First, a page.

To begin and continue to participate in any Title IV, the Higher Education Act (HEA), program, an institution must demonstrate to the Secretary that the institution is financially responsible under the established requirements.
The Secretary considers an institution to be financially responsible if determined that:
- The institution’s Equity, Primary Reserve, and Net Income ratios yield a composite score of at least 1.5
- The institution has sufficient cash reserves to make required returns of unearned Title IV, HEA, program funds
- The institution is able to meet all of its financial obligations and provide the administrative resources necessary to comply with Title IV, HEA, program requirements
For a variety of reasons and given the current environment, it might be difficult to meet these requirements—with that comes the financial responsibility letter from the Department of Education.
Example of the Financial Responsibility Letter
This financial responsibility letter typically looks like:
Note: X.X will be under 1.5, or this letter would not have been issued.
Next Steps for Institutions
Institutions are typically given two options at this point:
- Letter of Credit Alternative – this will typically require the institution to post a letter of credit with the Department of Education that equals 50 percent of funds received by the institution during the most recently completed fiscal year.
- Provisional Certification – this will typically require the institution to post a letter of credit with the Department of Education that equals 10 percent of funds received by the institution during the most recently completed fiscal year; however, the institution must comply with all of the requirements specified for the Provisional Certification Alternative in 34 C.F.R. 668.175(f), including Zone Alternative requirements and Heightened Cash Monitoring 1 method of payment.
If you have the financial means to chose Option 1, this means you get to continue to operate as normal and no provisional Program Participation Agreement (PPA) would be issued. Option 2 is the more common choice we see, which will, at bare minimum, require adherence of Zone Alternative and Heightened Cash Monitoring 1 requirements. We typically see a 10 percent letter of credit required for this option as well.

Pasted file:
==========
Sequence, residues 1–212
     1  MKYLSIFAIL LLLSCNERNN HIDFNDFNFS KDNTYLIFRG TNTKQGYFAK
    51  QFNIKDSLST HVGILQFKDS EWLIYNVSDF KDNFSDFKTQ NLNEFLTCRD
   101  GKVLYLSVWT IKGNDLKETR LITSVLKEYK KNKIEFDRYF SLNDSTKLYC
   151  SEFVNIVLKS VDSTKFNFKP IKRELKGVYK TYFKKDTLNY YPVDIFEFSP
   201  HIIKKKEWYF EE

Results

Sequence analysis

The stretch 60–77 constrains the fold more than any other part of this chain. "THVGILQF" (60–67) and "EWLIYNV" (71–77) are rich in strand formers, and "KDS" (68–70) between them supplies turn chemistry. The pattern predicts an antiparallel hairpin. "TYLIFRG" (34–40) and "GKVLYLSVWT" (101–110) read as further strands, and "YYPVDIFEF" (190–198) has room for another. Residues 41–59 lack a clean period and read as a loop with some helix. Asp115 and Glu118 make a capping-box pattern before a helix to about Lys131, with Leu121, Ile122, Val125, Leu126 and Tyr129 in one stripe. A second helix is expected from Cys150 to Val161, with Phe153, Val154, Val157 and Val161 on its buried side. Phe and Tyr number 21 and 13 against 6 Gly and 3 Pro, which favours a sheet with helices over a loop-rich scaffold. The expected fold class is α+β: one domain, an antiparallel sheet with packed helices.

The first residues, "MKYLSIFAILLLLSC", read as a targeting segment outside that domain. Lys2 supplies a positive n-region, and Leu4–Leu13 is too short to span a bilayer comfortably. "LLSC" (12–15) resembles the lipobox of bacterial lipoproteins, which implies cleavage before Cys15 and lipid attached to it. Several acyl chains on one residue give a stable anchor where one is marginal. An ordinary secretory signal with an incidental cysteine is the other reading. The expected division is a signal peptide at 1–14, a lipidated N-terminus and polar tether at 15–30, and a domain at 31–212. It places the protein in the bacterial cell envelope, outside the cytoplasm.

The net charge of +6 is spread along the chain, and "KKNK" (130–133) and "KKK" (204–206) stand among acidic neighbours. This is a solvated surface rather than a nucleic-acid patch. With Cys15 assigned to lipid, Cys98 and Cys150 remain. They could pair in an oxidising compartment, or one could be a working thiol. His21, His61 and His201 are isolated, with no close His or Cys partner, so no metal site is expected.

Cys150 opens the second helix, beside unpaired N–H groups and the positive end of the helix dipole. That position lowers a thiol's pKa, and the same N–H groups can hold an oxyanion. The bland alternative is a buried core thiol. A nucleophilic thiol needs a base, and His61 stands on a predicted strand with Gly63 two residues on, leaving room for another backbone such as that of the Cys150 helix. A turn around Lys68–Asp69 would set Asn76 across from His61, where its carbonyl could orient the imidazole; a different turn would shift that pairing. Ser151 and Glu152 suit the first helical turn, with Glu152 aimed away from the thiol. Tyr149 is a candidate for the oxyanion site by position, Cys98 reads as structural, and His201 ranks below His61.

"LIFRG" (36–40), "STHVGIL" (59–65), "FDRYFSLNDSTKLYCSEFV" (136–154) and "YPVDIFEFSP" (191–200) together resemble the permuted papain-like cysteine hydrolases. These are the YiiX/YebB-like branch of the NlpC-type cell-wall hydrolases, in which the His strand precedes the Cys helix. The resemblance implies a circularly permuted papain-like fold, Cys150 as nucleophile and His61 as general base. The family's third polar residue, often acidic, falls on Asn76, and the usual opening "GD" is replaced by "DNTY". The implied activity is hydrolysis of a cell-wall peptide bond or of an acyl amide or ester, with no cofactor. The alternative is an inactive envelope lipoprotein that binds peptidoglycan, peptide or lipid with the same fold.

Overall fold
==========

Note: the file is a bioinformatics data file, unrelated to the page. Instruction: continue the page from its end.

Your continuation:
Process Changes Under the Provisional Certification
A few of the processes that will require adjustments under this provisional certification are as follows:
- Method of Payment – this typically involves a change from the advanced payment method to the Heightened Cash Monitoring 1 requirements. This payment method means you have to credit funds to student accounts and pay credit balances to the students PRIOR to requesting funds from the Department of Education. As credit balances are required to be paid prior to requesting funds, you are no longer allowed to use a credit balance waiver. This is a fundamental shift for most institution, who are used to requesting funds and subsequently post to student accounts. This is done to shift more responsibility onto the institution, as institutions are required to pay credit balances as they arise.
- Notification Requirements – the institution is required to provide information to appropriate School Participation Division no later than 10 days after any of the oversight or financial events located at 34 C.F.R. 175.
- Auditor’s Attestation Requirements – the institution must require its compliance auditor to express an opinion on its compliance with the Zone Alternative and payment method requirements.
A lot of times, as auditors, we run into issues with method of payment or notification requirements not being met, as an institution is just not fully aware of what requirements accompany these changes. Schools owners that are used to withdrawing money from the company at any point will have to start notifying the Department of Education before doing so. Further, institutions that are accustomed to holding credit balances and drawing funds prior to crediting ledger cards will have to rethink their systems.
In the end, it comes down to thoroughly reading what you are signing and understanding the fine print. Also important is to share this information with the appropriate parties you work with to make sure all legs move in the same direction. For example, if you use an outside accountant, make sure they also understand how this will impact current practices; and if you use a third-party servicer to assist with your Title IV process, make sure they know what change has occurred and when it has occurred. Most servicers will be your “best friend” in this process, as they have experience with these requirements and are the ones that typically assist with funding processes. Most importantly, make sure your staff understands these changes, as it will impact their daily operations. And ensure, lastly, that your auditor is provided the proper documentation and understands when these changes took place—they will need to comment on these requirements on your next compliance report.
Don’t be afraid to seek advice from your third-party servicer, your auditor, or even the Department of Education. Forming a proper plan at the beginning of changes that will impact how you run your company is the best way to get to a happy ending.
Please reach out to our team if you have any questions or concerns.